“It has been great in reducing our no-show rate. A lot of our patients may forget that they have an appointment, or what time the appointment was, and usually they’ll say ‘Well, I got an email to remind me, and I had almost forgotten,’ or ‘I got the call.’ We did notice that if, for some reason, there were any issues with Messenger, and if the system was down for a couple of days, we saw that our no-show rate actually doubled.”

Studies have reported that, the farther out a patient’s next appointment is, the more likely they are to be a no-show.  We forget, we are human — I know I would probably never make it to the dentist if I didn’t get those reminder messages.  Fortunately, healow offers several ways to bridge the gap — no dental pun intended — by sending appointment reminders.

If you need a hand getting those appointment reminders sent out, or want to explore some more powerful messaging features, eClinicalWorks has a team of people who are able and ready to help your office get going.  Let your Strategic Account Manager know that you need some help from the patient engagement team, or put in a request on our support site,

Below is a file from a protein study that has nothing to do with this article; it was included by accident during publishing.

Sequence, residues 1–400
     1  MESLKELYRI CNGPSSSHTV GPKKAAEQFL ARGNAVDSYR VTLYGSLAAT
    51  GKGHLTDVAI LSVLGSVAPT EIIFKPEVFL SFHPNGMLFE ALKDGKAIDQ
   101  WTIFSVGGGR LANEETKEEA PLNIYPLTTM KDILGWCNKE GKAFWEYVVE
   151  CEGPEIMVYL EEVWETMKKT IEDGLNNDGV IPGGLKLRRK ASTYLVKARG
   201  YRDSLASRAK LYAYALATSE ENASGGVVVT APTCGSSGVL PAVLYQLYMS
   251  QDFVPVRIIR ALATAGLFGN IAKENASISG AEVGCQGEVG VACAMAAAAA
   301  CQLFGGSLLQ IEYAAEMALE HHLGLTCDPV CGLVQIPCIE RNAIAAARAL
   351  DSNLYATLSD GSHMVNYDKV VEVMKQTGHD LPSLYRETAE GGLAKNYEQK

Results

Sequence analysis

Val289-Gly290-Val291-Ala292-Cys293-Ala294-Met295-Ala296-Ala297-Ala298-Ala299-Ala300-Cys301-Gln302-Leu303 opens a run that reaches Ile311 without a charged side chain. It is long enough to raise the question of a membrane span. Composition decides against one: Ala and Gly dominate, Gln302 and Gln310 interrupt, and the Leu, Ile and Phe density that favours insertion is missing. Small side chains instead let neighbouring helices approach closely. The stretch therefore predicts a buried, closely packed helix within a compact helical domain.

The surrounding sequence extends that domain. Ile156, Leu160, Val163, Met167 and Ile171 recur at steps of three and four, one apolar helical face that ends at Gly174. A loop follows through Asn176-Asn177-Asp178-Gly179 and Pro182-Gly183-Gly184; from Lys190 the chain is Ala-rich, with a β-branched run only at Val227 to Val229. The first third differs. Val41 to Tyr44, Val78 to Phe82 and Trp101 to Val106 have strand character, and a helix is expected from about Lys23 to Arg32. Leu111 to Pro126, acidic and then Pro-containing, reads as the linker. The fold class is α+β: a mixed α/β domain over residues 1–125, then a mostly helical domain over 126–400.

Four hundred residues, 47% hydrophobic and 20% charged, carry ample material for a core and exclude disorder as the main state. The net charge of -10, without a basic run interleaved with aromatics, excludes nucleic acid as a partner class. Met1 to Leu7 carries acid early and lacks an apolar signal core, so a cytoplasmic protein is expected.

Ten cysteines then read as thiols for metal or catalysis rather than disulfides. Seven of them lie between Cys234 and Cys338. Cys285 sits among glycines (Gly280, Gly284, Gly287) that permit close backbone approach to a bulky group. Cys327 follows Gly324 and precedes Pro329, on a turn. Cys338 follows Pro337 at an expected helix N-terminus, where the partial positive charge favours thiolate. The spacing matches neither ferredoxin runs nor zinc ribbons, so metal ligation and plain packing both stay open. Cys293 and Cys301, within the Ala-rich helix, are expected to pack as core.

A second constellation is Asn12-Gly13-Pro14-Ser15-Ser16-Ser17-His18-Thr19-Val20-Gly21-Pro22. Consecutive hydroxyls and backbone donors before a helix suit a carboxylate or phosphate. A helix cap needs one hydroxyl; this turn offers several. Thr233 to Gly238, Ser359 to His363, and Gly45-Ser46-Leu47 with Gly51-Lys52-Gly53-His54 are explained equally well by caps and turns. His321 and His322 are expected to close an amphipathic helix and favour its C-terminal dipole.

Now, maybe the last two steps didn’t seem like much of a challenge.  If you’ve already checked those steps off your to-do list, then it might be time to take a more drastic step.  One way to improve your patient relationships is to be available for your patients, whenever they need you.

eCW: “How much of your schedule to you publish through healow? Is it 100% of the schedule? 25% of the schedule? A couple of appointments here and there?”

Dr. Gavini: “No, 100% of the schedule.”

eCW: “100% of the schedule. So, I’m a patient and I can just log into healow anytime I want, and look at all your availability and see what time works for me.”

Dr. Gavini: “That’s right, yes, except that we kind of block, manually, certain appointment slots for emergencies. So we always have about 5 to 7% blocked off

That’s Dr. Gavini, again, and he believes that he saves money on every appointment by allowing his patients to access his schedule online.  Online booking is so effective, that he has been able to reduce his staff needed to manage all those appointment calls, resulting in ongoing savings.

He did mention, however, that he makes certain to keep some appointment slots reserved by not publishing them online.  This is to allow room for urgent appointments, in case the day is already full.

Dr Gavini is not the only one who has been successful with this.  During the 2014 National Conference, we interviewed Dr Mark McNeill from Trillium Family Medicine in Asheville, North Carolina. And if you are looking make online scheduling work for you, Dr. McNeill shared some detailed instructions on how to determine the optimum number of appointments to publish.  And you can find that, and other, interviews on our YouTube page, or on iTunes, by searching for eClinicalWorks.